There was a time in life where I knew the faint whisper of sadness, the echoes of trauma from a life filled with all sorts of turns and twists, but not the total honesty that comes of breaking. There was a time where I thought to be whole.

At  many points in my story up until April 3rd, 2012, I believed I had overcome the pain experienced through childhood and those wonderful teen years – building a new life distanced from the epic center of chaos. What I discovered was that all I had done successfully was layer on a sealing cover over a very broken heart.

Today is about taking the minutes slower than normal and remembering. The past two years on this date, or let’s be honest, the entire week leading up to this day, I’ve had a bottle of wine in hand tucked away somewhere alone, or with a friend barely breathing through these minutes. This year the ache is a bit duller and the memories sweeter.

Three years ago we said goodbye to the very best man I have ever known, my Uncle James. After a valiant battle with Stage 4 cancer he said goodbye after days surrounded by his people, toasting with wine and listening to Adele til the very last. The last moments you have with someone who is an intricate part of your heart, I learned, become the ones you think you might stop breathing from – and everything around you seems to stand still. Your mind trying desperately to understand the moment you’re existing in. I’ll never forget my goodbye to him – but that will always just —  be something I hold. To this day, having the chance to say goodbye has been an ultimate treasure, one I have not taken lightly.


It was a brutal journey, the loss of him. Ended up the gateway to intense depression compounding from a life of brokenness not dealt with that led me discovering my truest self. There hasn’t been a day in three  years that I haven’t thought of him – and on the normal one there is a heaviness that settles when thinking how he can’t be part of what’s happening today. To see his best friend and wife of 30 years champion being a single parent – tenacious in her pursuit of a life well lived. Or be able to see his beloved daughter start high school and start to dream. I want to sit in his living room and talk about the state of the world, good wine, hear what books I should read, and listen to his unmatched sarcasm.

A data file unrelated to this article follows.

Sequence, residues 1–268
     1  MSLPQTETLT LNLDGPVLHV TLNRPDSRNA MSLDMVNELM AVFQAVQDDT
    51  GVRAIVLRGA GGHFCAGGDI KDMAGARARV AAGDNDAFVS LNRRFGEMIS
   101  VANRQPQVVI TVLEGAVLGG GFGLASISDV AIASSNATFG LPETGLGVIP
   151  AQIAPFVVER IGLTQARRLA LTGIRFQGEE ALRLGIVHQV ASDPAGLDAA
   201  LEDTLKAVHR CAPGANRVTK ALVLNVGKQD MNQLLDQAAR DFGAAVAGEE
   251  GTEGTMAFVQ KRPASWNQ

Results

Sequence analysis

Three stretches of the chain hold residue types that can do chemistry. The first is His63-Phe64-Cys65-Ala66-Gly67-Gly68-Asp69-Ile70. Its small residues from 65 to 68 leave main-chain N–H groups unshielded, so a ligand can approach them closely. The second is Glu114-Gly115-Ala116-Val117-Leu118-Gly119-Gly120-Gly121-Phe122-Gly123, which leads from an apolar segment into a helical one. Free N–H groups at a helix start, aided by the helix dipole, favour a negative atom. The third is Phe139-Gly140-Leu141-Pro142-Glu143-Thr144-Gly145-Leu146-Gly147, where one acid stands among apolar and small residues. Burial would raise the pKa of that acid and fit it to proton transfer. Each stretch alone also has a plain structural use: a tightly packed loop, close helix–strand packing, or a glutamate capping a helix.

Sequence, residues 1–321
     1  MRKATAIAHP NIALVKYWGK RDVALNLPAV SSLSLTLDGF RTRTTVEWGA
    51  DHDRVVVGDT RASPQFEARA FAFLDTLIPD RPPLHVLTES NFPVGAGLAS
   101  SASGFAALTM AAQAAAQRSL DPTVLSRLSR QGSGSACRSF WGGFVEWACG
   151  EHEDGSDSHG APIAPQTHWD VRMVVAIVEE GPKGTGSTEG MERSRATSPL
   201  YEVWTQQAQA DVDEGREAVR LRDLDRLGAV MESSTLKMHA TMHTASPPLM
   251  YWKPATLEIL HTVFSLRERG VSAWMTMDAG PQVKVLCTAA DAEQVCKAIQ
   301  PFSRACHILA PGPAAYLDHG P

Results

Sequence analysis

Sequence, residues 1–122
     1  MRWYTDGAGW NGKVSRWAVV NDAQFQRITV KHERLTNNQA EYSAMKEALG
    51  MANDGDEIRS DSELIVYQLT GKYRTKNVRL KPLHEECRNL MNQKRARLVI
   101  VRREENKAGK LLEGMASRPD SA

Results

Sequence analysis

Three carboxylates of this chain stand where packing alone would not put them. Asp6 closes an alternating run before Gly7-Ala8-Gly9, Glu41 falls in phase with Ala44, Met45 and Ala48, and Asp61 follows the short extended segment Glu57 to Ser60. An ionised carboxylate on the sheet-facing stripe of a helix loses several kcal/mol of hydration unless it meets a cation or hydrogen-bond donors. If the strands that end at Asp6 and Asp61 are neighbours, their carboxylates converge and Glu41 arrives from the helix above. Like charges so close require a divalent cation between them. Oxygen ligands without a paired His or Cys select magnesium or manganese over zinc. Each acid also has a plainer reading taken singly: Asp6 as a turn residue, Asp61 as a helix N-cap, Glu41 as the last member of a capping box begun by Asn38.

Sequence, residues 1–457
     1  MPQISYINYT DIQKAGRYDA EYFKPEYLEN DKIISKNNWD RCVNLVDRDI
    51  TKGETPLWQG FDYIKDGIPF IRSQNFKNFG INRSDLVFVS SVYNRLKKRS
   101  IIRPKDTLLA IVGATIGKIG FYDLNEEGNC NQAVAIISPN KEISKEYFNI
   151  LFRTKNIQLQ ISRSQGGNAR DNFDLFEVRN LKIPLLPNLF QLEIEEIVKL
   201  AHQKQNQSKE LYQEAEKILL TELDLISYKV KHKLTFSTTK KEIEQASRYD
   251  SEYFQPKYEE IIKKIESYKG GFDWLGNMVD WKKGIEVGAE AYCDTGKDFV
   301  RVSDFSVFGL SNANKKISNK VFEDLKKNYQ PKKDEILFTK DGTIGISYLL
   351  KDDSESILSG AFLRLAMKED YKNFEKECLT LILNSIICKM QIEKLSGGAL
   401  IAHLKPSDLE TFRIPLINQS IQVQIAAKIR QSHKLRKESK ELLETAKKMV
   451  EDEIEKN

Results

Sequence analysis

What’s interesting about loss is that when you pay attention – you see the spirit of that one you loved everywhere. It’s in the sun filled mornings with the birds singing outside your window or in the countenance of someone you’ve just met – taking you by surprise when you recognize the glimpse you’ve been given.

On April 3, 2012 – I broke. It was as if the jumanji of my heart toppled down – propelling me into a place so dark I wasn’t sure if I could ever find the light again. It was the first time I encountered my fragility as a human, and it’s a scary place to find yourself in.

But, through the sweet grace of God, and constant love of friends I did find the light again. I have come to understand what real loss, pain and grief feels, tastes and sounds like – enabling me to connect with people I could have never before. I wasn’t yet capable to sit with them in their pain because I had yet to face my own. Realizing you don’t have to have experienced the same loss or broken heart, something in-explainable binds you together.

His incredible story was cut short far too early and has only caused me to want to live mine fully alive.  Creating a legacy and life that he would be proud of, because of the vital role his life played in the shaping of mine.

In the published eulogy at his funeral it was written  “ James encouraged an open door policy, always ready to set another plate at the table, always ready to welcome a stranger into his world”.

It’s that example of the life he lived that taught me what it means to show up for people, and to love in real ways, things I try do my best at everyday. While still failing and learning.

Loss broke me, Jesus redeemed me, and hope rescued my tired heart. Today, these minutes will draw out and if grief is an ocean, I am not drowning in it’s waves – but standing with my back to the shore feeling the ebb and flow of it’s approach. It’s like that, you know. When you’ve met the center of sorrow and come back. It’s easy to sense it coming and a choice to stand rooted on the shore.

I have learned so much through saying goodbye to that man I loved.  Seeing our family navigate life without him and start new chapters all the while taking pieces of him with us has been a testament to their strength.

Through his life and death I learned that all can be redeemed – even the most profound breaking of human spirit. That new life can  be produced from it and if given the chance it can hopefully be a life our lost loved ones can look down from heaven and say “ it was worth it ‘. Oh goodness, do I ever hope he can see our lives and think that.

James Hendricks was the type of man that left everyone better, truer and stronger for knowing him. He loved his family and friends fiercely, worked tirelessly and was always down for a good martini.

Though he won’t in real time see retirement with his love or watch his brave Mariah graduate high school, or walk me down the aisle when I get married – we are all better more giving people because he loved us.


It’s that love I carry with me everyday. He was in it to win it – and though success would have been more life with him, we were given an extraordinary gift for having him central to our stories.